by Linnaeus University, May 9, 2017 in ScienceDaily
It is becoming more and more appreciated that a major part of the biologic activity is not going on at the ground surface, but is hidden underneath the soil down to depths of several kilometres in an environment coined the « deep biosphere ». Studies of life-forms in this energy-poor system have implications for the origin of life on our planet and for how life may have evolved on other planets, where hostile conditions may have inhibited colonization of the surface environment. The knowledge about ancient life in this environment deep under our feet is extremely scarce.
by University of Bristol, September 9, 2011 in ScienceDaily
Ultra high precision analyses of some of the oldest rock samples on Earth provides clear evidence that the planet’s accessible reserves of precious metals are the result of a bombardment of meteorites more than 200 million years after Earth was formed.
by UNSW Sydney, May 9, 2017 in ScienceDaily
Fossils discovered by UNSW scientists in 3.48 billion year old hot spring deposits in the Pilbara region of Western Australia have pushed back by 580 million years the earliest known existence of microbial life on land.
he Pilbara deposits are the same age as much of the crust of Mars, which makes hot spring deposits on the red planet an exciting target for our quest to find fossilised life there.”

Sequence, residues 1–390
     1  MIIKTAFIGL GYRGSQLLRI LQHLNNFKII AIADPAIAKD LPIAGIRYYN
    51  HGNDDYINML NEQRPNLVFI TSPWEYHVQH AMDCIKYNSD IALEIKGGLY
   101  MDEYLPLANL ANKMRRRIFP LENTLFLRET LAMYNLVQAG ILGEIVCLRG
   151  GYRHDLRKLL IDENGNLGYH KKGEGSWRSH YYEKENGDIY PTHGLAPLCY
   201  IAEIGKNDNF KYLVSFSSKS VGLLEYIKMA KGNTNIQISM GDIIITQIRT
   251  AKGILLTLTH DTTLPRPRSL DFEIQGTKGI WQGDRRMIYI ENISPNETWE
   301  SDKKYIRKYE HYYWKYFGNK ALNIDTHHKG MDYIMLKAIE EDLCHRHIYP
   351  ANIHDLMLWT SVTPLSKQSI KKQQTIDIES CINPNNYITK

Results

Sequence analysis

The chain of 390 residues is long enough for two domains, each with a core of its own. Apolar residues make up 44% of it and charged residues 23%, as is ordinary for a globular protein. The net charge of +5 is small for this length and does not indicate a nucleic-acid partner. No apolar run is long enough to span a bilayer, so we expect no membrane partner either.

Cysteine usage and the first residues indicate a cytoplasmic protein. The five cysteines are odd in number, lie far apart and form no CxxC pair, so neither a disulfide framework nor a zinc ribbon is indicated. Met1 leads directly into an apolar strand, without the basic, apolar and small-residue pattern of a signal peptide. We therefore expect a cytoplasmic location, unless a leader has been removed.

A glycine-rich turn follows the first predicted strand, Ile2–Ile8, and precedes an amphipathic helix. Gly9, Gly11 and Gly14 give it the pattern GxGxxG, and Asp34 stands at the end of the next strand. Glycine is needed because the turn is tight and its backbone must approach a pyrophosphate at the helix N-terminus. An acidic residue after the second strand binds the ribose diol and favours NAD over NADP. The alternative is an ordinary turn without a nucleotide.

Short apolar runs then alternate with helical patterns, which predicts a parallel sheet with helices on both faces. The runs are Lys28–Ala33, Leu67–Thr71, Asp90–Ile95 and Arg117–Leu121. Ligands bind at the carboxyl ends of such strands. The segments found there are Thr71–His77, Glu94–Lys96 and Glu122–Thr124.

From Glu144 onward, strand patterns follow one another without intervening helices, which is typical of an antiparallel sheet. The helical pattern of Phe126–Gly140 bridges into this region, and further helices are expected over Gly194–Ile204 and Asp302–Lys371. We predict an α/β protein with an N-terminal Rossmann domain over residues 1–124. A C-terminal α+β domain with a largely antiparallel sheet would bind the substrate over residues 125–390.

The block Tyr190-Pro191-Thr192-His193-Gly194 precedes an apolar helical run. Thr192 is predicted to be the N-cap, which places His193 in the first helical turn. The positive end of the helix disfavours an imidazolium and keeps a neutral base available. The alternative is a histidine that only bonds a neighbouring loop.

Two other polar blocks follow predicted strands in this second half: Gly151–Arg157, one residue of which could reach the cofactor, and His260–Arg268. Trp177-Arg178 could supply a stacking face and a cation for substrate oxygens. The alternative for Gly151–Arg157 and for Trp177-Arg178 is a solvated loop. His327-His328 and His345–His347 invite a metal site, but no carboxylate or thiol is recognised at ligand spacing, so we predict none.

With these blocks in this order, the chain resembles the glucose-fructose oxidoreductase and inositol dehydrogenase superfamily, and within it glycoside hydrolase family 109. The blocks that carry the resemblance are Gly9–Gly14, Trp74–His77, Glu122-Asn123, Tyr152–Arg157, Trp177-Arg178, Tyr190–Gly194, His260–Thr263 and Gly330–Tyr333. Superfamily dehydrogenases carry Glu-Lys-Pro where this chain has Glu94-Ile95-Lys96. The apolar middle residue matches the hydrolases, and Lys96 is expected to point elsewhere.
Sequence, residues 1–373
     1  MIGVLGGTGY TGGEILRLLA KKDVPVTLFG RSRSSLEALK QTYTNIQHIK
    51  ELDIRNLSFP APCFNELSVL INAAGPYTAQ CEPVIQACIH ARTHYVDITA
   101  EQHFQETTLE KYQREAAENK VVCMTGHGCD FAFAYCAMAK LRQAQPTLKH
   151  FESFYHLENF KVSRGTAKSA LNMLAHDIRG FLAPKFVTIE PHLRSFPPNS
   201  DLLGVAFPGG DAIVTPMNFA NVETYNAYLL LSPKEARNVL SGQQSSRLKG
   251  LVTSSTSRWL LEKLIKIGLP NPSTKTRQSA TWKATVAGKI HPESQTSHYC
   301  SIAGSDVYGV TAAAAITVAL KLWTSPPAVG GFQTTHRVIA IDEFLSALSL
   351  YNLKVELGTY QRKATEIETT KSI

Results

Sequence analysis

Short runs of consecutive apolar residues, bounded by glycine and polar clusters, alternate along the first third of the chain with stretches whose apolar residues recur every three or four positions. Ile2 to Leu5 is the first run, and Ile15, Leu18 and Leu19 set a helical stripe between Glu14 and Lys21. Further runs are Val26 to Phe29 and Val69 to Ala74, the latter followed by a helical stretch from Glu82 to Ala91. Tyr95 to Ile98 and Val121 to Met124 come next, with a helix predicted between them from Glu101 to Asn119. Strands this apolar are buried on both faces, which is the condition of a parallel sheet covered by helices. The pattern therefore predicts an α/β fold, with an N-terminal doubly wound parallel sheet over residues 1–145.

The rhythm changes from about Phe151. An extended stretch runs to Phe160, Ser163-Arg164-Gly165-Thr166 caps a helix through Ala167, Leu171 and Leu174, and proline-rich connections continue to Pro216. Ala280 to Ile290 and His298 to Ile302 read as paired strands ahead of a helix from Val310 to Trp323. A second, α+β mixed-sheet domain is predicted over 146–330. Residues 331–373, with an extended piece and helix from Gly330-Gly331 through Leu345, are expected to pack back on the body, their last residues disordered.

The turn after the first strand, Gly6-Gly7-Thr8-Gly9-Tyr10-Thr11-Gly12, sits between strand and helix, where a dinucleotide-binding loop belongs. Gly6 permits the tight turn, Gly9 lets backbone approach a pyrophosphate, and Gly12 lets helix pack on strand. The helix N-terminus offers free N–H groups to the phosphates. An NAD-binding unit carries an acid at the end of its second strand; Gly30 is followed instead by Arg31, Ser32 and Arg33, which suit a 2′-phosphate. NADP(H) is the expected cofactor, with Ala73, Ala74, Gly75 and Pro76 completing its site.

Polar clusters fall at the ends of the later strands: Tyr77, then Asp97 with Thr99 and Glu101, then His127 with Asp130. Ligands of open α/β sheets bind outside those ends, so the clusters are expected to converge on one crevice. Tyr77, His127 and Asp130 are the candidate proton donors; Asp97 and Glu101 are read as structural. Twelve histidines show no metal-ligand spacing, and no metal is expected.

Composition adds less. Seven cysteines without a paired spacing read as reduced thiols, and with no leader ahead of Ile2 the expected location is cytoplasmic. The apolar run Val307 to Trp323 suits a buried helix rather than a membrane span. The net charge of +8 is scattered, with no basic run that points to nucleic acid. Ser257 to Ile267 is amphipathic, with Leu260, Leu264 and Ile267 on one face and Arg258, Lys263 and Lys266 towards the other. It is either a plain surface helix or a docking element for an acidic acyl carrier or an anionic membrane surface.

by McGill University , EPSL, May 5, 2017, in ScienceDaily
Conventional theory holds that all of the early Earth’s crustal ingredients were formed by volcanic activity. Now, however, earth scientists have published a theory with a novel twist: some of the chemical components of this material settled onto Earth’s early surface from the steamy atmosphere that prevailed at the time.
More than 90% of Earth’s continental crust is made up of silica-rich minerals, such as feldspar and quartz. But where did this silica-enriched material come from? And could it provide a clue in the search for life on other planets?
by University of Maryland, in Nature, February 27, 2017
New research suggests that plate tectonics began later in Earth’s history
But new research suggests that this was not always the case. Instead, shortly after Earth formed and began to cool, the planet’s first outer layer was a single, solid but deformable shell. Later, this shell began to fold and crack more widely, giving rise to modern plate tectonics.
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